Now, lets take a look at it from another point of view – the point of view from the configuration of the input parameters for the action. I’ve created a workflow and added a step to use the action ‘ResolveIncident’ – you will notice it has a red error next to the step because there are unsolved items within the properties I need to configure.
Opening up the properties of the action via ‘Set Properties’, you can see in the screenshot below the input properties that contain the exact same fields I see on the form of the Resolve Case window, except you can now see the setup of the data type, if they are mandatory and also if i was to use this action in my own process – I could actually input dynamic values (or manual) values into the properties here and it would create a Case Resolution record and attach it to my Case. (This action is only applicable to cases)
So now we have familarised ourselves with what actions are – the next step is to utilise an action in a process. A popular customisation is to create a ‘Quick Resolve’ button or functionality on the case because users don’t want to be completing the dialog window as its extra effort the business wish to minimise. With Dynamics 365, you can now use these standard out of the box actions in workflows where you previously couldn’t (and had to create your own functionality to mimic it) – so thats a bonus – this means this will take even less time.
I’m going to minimise the time even further now and use the Ribbon Workbench to complete these customisations, and use a new feature (currently in beta, soon to be released) called Smart Buttons. I’m going to use a pre-made Smart Button called ‘Run Workflow’ and use it to call my workflow. Normally, i’d have to create the button myself and add all of the properties and workflow ID to it, but Smart Buttons saves me all of this effort. (You can create your own Smart Buttons to perform pre-made templates functionality for tools/your business).
So all I have to do to create this functionality is:
The workflow we want to run is a real time workflow as we want the action to happen immediately and not wait, but we need to make it accessible to be called manually (as from a button press, it is technically the same as a user clicking ‘Run Workflow’ for manual workflows) – Make a workflow for the Case entity and set the scope as required.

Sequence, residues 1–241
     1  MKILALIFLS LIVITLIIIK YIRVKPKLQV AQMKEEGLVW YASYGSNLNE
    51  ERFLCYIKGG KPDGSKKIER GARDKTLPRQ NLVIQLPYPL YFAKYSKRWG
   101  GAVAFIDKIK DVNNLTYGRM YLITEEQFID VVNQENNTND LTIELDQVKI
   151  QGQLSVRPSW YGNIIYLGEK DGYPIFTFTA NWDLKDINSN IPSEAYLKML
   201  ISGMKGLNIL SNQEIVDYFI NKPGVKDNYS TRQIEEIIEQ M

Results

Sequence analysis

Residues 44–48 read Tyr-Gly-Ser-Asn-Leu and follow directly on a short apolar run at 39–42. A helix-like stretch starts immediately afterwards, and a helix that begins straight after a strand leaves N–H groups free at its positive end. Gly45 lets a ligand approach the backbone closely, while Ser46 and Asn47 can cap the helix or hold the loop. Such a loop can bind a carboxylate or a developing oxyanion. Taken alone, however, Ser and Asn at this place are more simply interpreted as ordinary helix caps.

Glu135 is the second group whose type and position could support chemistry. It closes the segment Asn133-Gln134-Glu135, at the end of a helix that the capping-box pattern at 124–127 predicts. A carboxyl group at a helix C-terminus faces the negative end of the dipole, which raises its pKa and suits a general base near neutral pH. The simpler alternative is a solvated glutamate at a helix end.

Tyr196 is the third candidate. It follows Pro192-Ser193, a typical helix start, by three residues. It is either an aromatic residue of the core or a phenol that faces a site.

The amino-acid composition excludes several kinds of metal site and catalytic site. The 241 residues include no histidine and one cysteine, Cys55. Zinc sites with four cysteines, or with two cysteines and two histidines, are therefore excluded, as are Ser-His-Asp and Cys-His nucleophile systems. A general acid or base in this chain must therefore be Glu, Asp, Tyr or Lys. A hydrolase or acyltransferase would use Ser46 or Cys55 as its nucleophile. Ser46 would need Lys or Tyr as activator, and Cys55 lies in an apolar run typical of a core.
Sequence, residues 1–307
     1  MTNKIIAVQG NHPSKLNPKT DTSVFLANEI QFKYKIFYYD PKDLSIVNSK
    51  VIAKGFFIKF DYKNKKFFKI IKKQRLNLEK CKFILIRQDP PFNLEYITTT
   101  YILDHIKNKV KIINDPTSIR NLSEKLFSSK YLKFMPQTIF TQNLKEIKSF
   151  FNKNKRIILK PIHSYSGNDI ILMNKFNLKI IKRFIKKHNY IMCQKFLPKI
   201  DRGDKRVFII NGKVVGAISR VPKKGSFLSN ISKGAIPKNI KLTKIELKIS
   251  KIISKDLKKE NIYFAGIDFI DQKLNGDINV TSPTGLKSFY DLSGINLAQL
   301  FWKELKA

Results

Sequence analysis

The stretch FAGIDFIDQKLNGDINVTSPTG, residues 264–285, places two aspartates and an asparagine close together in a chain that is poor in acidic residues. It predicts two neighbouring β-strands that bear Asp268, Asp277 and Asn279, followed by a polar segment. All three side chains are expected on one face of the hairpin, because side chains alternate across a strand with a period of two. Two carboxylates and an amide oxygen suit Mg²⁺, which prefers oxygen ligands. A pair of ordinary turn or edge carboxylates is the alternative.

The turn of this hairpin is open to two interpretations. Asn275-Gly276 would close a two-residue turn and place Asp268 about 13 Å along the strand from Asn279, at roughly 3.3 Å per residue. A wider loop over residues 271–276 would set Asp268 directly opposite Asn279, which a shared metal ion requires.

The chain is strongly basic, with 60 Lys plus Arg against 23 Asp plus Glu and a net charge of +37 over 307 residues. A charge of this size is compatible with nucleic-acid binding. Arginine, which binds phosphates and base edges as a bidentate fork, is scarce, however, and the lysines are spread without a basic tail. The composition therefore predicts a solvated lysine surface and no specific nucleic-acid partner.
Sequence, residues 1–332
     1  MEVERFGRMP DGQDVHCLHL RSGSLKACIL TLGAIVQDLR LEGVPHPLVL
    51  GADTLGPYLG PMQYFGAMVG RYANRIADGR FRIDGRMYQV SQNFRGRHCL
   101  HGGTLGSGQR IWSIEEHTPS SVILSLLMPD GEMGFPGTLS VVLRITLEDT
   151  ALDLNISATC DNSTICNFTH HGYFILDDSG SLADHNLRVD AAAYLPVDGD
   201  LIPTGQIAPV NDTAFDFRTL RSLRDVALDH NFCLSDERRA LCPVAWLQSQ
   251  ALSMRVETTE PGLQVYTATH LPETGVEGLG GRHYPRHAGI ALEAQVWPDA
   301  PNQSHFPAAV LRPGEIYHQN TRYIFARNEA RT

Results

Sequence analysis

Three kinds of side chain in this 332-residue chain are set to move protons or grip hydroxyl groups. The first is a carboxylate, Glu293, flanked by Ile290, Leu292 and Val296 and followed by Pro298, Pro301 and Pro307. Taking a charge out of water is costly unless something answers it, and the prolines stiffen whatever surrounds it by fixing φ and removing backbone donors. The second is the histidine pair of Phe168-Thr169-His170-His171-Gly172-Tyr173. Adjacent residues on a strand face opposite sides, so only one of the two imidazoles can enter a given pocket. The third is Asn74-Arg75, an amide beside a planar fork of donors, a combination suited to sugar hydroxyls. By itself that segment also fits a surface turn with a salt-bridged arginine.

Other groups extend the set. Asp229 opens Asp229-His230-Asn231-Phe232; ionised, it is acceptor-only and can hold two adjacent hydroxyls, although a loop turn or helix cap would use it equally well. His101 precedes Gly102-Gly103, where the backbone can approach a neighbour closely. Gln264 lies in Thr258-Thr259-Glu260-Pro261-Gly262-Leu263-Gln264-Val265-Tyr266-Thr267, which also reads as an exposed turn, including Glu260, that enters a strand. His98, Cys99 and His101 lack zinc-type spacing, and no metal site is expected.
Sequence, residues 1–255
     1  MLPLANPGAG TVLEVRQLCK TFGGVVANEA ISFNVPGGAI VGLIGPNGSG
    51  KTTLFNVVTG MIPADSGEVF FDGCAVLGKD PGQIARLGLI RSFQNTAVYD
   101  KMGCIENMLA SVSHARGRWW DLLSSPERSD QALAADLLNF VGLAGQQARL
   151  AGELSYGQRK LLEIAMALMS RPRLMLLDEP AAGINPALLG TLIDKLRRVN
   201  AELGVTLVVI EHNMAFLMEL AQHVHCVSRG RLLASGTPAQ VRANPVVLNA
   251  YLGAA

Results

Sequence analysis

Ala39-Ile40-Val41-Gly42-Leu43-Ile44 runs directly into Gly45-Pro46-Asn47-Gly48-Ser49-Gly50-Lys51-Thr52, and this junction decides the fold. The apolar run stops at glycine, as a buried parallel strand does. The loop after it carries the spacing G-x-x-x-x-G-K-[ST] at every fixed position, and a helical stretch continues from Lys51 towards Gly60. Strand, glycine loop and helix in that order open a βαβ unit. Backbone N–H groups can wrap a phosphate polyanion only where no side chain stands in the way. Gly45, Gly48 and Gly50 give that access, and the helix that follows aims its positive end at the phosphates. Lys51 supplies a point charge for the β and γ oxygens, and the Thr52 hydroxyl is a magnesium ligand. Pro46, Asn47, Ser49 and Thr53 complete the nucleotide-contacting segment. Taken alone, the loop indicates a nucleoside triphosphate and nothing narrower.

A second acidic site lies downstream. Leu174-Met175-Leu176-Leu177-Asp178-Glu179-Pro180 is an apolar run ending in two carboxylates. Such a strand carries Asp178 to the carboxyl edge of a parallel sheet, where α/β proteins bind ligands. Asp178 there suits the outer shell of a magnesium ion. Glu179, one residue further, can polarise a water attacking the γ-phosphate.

Click ‘Add Step’ and click ‘Perform Action’
You’ll notice the red cross because the input properties need to be set. Click ‘Set Properties’ and add in the properties you wish to close the case automatically with. In your process – you could be getting the data from the form to make it dynamic, but for the purpose of this demo, I’ve manually added most of the form values (which has its risks so be careful if doing this in production).
Save and Activate your workflow.
Make sure you have the latest version of the Ribbon Workbench downloaded, and you also have the Smart Buttons solution file to utilise Smart Buttons. Here and Here.
Make sure you have created a solution which only contains the entity (Case (incident) in this example) you wish to customise to optimise loading and publishing times of the ribbon.
Open the Ribbon Workbench and load your solution with the Case entity
Smart Buttons within the Toolbox of Ribbon Workbench
Input to be completed for the ‘Run Workflow’ Smart Button
Click ‘OK’ and your new button will have been created on your form with all the commands automatically for you!
When ready, publish your solution.
Now, lets test the solution and see it in action!
Navigating to an open Case record, we can see the new Quick Resolve button we just created.
Clicking it we get our confirmation straight away.
You can see the Case now has the status Resolved at the bottom, but also the Case Resolution activity has been created with our values as per the workflow.
I hope this post has given you more information on what Actions are, how you can utilise the standard out of the box Actions and also, how you can use the new Smart Buttons feature within the Ribbon Workbench to rapidly decrease your customisation time!